WORCESTER — Baseball has become deep-rooted in the analytic world. The glossary of analytical terminology could be described as Bible-esque. Sometimes the numbers can be overwhelming.
However, there’s one metric that’s never misleading — popularity.
The Worcester Red Sox have exceeded every expectation in the team’s inaugural season at Polar Park and the numbers are off the charts. Worcester’s website led all minor league teams with unique visitors (211,519), visits (376,947) and page views (768,810) in July. The team was second behind Triple-A Durham in MiLB TV daily views with 12,355.
In fact, the WooSox are atop the minor league list in all year-to-date categories with 784,227 unique visitors, 1.3 million visitors and 2.9 million page views.
“We’re pleased that the metrics across different fronts — television, website, in-park attendance, tickets sold – have all been so strong,” said WooSox executive vVice president and general manager Dan Rea. “That’s a testament to the quality of the ballpark, which is one big part of it, but the quality of the market and the fan base has been overwhelming, even more than our initial expectations.”
Team prepares for future challenges
Of course everyone likes new and shiny things, and nothing sparkles more than the jewel of the Canal District. Eventually when the newness wears off, it will be a challenge to sustain the current popularity and success. History indicates the popularity and success of the parent club helps minor league numbers, and the WooSox are well aware of future challenges.
“Continued diligent customer service, as far as the in-park experience is key for us,” Rea said. “We want people to have a great experience when they’re here, regardless of the game result, regardless of the weather, so it’s service, service and more service.”
The WooSox also are involved heavily in the community aspect. Despite the wet July and numerous postponements and delays, fans did not shy away.
Josh Maurer has been calling Red Sox Triple-A games for seven seasons, beginning in Pawtucket and now in Worcester. He lives a sacrifice bunt away from Polar Park in the Canal District and has witnessed the city transform itself into WooSox central.
“It’s unbelievable,” Maurer said. “I’m stunned what the level of civic pride seems to be for the people who live in Worcester. You have people who don’t look like they’ve watched a baseball game in their life, walking down Water Street wearing a WooSox T-shirt. I smile when I see it, because it’s the coolest thing in the world.”
The WooSox Team Store is always packed, even during non-game days. The No. 1 sale item is the team program, followed by Smiley Plush Mascot Dolls. Different style WooSox hats are Nos. 3, 4, and 6, while ponchos are No. 5 (for obvious reasons this spring and summer).
It’s impressive, especially given the fact that the WooSox launched their official on-field caps and jersey nearly one year ago, on Aug. 17. The amount of fans and locals wearing the team’s colors is pretty cool. It’s been a challenge for the team to keep items in stock even though the store is open year-round.
“They are now identifying their city with the Boston Red Sox,” Maurer said. “They’re buying hats. They’re buying shirts. They’re buying jackets, and they’re wearing them. Again, these aren’t just sports fans. These are the people who are native Worcesterites who want to show their pride in their city by wearing WooSox stuff. I’ve been blown away by the amount of merchandise that I’ve seen people wearing around town the last four, or five months.”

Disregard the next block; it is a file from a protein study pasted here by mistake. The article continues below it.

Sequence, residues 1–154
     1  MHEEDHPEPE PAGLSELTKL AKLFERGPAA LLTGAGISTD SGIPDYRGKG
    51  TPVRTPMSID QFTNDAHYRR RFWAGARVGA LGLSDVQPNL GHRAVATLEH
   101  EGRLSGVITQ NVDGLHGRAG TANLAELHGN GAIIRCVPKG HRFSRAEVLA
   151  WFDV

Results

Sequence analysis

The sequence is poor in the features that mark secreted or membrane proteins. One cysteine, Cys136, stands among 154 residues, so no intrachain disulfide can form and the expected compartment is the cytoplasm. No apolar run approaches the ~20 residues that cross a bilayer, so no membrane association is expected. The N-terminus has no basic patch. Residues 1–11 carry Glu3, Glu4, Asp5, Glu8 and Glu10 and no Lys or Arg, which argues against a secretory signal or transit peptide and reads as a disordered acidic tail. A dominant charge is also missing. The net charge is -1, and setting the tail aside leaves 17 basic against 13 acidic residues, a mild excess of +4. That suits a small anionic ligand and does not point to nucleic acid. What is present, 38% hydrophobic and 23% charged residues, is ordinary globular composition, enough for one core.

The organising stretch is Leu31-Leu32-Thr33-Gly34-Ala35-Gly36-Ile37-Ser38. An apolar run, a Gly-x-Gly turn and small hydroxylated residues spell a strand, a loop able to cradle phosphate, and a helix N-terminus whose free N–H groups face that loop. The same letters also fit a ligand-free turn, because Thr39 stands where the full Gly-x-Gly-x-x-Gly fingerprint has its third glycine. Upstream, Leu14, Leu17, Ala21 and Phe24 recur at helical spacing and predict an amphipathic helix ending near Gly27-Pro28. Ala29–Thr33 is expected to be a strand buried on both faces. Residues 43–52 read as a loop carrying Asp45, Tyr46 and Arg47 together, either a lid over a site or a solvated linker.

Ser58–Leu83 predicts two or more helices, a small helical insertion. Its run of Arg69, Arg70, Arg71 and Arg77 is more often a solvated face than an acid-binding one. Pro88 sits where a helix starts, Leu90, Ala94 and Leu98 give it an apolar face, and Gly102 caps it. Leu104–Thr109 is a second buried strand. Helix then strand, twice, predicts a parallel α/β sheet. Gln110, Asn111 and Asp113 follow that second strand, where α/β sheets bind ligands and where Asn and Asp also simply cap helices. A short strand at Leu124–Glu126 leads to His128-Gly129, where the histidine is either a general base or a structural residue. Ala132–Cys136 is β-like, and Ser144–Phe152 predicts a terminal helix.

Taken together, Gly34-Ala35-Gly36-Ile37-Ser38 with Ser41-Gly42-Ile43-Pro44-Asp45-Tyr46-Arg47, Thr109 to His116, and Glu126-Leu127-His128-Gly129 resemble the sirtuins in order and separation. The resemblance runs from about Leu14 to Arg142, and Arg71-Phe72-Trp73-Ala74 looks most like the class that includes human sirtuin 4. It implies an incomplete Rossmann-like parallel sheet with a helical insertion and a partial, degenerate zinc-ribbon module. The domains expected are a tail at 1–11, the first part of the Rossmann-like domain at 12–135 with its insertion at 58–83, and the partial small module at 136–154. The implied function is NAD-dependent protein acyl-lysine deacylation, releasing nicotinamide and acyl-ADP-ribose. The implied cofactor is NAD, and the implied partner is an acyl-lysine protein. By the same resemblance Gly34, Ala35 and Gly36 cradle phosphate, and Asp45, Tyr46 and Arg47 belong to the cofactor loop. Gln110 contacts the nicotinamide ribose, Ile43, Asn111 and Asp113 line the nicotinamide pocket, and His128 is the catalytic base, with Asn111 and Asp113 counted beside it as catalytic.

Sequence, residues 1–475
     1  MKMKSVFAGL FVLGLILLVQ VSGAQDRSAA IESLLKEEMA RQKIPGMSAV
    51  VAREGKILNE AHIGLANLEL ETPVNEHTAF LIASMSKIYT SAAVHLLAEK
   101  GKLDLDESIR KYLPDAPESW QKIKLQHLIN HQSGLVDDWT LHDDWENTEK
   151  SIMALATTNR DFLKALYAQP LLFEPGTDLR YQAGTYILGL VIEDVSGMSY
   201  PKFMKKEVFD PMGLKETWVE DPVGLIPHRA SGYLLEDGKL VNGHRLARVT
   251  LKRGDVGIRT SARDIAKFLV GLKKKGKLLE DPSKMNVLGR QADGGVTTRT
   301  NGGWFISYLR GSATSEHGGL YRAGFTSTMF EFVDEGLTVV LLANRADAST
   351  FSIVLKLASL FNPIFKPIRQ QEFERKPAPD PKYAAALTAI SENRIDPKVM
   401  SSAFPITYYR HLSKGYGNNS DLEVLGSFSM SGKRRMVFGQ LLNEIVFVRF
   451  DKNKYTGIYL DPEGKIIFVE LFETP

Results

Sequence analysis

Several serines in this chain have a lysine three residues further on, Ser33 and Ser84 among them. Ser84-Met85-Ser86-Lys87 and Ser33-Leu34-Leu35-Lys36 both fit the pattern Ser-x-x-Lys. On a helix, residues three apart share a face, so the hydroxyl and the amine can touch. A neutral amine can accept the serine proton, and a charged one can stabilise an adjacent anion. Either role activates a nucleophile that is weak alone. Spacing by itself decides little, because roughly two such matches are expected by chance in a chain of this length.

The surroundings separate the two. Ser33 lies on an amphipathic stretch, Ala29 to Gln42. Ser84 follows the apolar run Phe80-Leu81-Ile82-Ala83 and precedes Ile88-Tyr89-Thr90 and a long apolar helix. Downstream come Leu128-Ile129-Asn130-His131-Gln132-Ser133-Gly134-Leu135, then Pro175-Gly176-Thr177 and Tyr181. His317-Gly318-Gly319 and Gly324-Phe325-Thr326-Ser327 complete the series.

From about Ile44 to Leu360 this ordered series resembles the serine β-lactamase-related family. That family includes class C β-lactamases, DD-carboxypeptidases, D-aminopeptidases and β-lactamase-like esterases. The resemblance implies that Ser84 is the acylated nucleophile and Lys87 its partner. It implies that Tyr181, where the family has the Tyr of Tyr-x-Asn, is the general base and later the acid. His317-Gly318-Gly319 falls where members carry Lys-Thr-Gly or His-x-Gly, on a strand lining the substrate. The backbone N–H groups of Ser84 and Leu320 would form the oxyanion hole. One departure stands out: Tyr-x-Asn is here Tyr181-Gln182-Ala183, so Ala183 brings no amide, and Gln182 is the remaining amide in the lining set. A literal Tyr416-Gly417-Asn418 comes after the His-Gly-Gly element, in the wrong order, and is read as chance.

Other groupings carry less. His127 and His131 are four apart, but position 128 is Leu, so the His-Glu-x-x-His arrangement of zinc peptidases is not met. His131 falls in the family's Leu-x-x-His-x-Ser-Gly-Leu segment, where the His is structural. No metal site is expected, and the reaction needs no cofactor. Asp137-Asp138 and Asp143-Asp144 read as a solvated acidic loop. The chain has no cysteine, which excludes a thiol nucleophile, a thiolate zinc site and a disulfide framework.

Visibility a key to early success
The WooSox’ social media accounts have been nonstop keeping fans updated with everything relating to the team on and off the field, too.
It helps every WooSox home game is on either NESN or NESN+, along with being on the same network as the parent club has helped immeasurably for the branding of the team, the exposure of the players and new ballpark.
“I can tell you anecdotally, I’ll be around restaurants in the Canal District and have somebody who works at the restaurant tell me ‘Hey, we saw you on NESN+ tonight. We had the game on — are you that guy broadcasting?’ I think that’s so neat, and you don’t get that in minor league setups — ever,” Maurer said. “I’ve been around a lot of minor league setups, and there aren’t a lot of places where people can be in a local restaurant, watching the game every night like they can here. It’s phenomenal.”
WooSox president Dr. Charles Steinberg understands there was a time when baseball owners did not want games televised because it could have a negative effect on attendance. It was an archaic way of thinking, and sports broadcasts have been extremely successful, especially with the latest technology.
“There’s a saying we have: Show the product,” Rea said. “That’s been a mantra. When we were in Pawtucket, we tried to get the team on (television) more often, but since we’ve moved to Worcester, and working closely with the folks from NESN, there’s been a real sense of partnership to get the team on air.”
From a player’s standpoint, they’ve been blown away by the state-of-the-art facilities, along with the fan support in Worcester and New England.
“It’s unbelievable,” said the WooSox’ Ryan Fitzgerald. “I thought it was pretty good in Portland, but it’s been unbelievable here. My buddy, (Syracuse’s) Mark Payton even said, ‘Dude, this is big league here.’ He’s been in the big leagues, so he knows what that’s like. He says this is the best place to play in Triple A.”
The only thing missing this season due to all the rain is a retractable roof over Polar Park.
“That was taken out of the budget early on, but we’re probably going to revisit that after the last month and a half,” Rea said with a laugh. “At this point I would say at any price. I’ll take it out of my salary if I have to.”
—Contact Joe McDonald at JMcDonald2@gannett.com. Follow him on Twitter @JoeyMacHockey.